Human Trafficking Research Report


Human trafficking, which is one of the cruelest manifestations of violation of essential human rights, remains a burning problem of the modern world. Mainly women and children are exposed to violence as not all countries can guarantee them equal rights with men. Such an issue as the women trafficking remains an acute problem for many countries, including UAE, Pakistan, Yemen, Saudi Arabia and other countries. Despite the fact that there have been many international organizations established to eliminate women and children trafficking; there are still a lot of proofs that evidence about a high rate of such violence in the United Arab Emirates (UAE) as well as other countries.

Being one of the many forms of violence against women, trafficking of women violates fundamental rights of women, including having a right to be independent, a right to have a free choice and a reason to live after all. Because of such violence, women are unable to use their powers and freedoms to the full extent; it makes them feel as they occupy a lower position in society. The UAE is a country, to which thousands of women are brought to be employed as domestic servants, however, very often these women end up being involved into sexual exploitation rather than fulfilling their direct duties.

The present study was designed to speak about the trafficking in women and children, which remains a big problem in the United Arab Emirates. The paper will also focus on the measures which are taken to prevent women trafficking and to guarantee that foreign women’s rights are observed in the country.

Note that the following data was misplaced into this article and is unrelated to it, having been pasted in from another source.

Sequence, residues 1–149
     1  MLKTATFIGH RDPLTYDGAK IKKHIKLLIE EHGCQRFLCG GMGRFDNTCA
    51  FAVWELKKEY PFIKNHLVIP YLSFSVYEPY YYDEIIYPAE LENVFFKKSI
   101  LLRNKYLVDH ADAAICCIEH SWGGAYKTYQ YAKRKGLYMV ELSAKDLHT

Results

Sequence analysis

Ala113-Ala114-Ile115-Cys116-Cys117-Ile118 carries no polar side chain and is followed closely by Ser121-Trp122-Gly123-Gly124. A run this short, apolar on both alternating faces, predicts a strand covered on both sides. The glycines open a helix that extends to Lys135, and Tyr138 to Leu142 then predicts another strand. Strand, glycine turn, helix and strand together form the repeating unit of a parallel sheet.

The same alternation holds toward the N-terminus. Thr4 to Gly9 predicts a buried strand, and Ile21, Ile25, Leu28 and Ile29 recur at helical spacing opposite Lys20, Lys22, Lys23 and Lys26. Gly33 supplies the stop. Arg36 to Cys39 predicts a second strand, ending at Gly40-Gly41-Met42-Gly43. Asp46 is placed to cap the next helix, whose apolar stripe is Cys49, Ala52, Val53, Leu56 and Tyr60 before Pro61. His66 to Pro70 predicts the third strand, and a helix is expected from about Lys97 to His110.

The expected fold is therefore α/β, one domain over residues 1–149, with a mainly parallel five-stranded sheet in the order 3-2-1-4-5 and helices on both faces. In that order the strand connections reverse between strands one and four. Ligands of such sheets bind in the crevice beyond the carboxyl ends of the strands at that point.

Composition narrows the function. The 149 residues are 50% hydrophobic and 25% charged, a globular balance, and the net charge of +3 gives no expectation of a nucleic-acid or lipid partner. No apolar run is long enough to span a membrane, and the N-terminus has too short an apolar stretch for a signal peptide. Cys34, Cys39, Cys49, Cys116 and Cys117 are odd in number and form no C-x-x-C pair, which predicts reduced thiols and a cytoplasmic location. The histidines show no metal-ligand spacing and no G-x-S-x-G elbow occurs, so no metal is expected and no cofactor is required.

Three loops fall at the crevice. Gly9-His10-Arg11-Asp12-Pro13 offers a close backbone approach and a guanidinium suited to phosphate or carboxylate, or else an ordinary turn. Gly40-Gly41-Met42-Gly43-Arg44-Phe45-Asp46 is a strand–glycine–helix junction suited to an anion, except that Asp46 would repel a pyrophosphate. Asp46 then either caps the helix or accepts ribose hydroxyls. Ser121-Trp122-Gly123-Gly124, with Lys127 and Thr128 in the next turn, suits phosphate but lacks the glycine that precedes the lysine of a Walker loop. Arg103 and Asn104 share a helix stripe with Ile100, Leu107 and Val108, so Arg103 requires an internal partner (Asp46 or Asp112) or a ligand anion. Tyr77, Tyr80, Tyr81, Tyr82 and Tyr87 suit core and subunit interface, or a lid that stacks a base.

Human Trafficking in the United Arab Emirates

The United Arab Emirates (UAE), which is a federation of seven emirates, is a country with a well-developed economy based on oil and gas trade. Despite the fact that UAE government guarantees its citizens major rights, it failed to guarantee even the most essential rights to foreigners. As it has been mentioned in multiple kinds of research conducted on the UAE, “the United Arab Emirates is a destination country for men, women, and children trafficked from South and East Asia, Eastern Europe, Africa, and the Middle East for involuntary servitude and sexual exploitation” [5]. There are no exact statistical shreds of evidence stating the exact number of women that are involved in sexual exploitation in the UAE, however, “an estimated 10,000 women from sub-Saharan Africa, Eastern Europe, South and East Asia, Iraq, Iran, and Morocco may be victims of sex trafficking in the U.A.E.” [5].

Before getting into the core of the problem, it is necessary to define the term human trafficking to gain the better understanding of it. Human trafficking means relocation of people as a result of deceptive persuasion or an involuntary relocation to a foreign country, which usually leads to exploitation of innocent people. A lot of women who come to the UAE from such countries as India, Indonesia, Philippines, Ethiopia and other countries with the sole goal to work as domestic servants and earn some money to bring home “may have their passports confiscated, be denied permission to leave the place of employment in the home, and face sexual or physical abuse by their employers” [5].

Being an “a horrible crime that uses force, fraud and other terrible means to prey on the most desperate and vulnerable members of society” [4], human trafficking includes not only exploitation of women and children, but also men, coming from India, Pakistan and Bangladesh to the United Arab Emirates. Upon arrival they are supposed to work in construction industry, however, very often they may be forced to repay “recruitment and travel costs that can exceed two years’ wages, sometimes having their wages denied for months at a time” [5].

As it has been stated above, the majority of women, coming to work in the UAE, are employed as domestic servants. Thus, the following statistical evidence shows the number of foreign workers in the UAE by nationality and sex.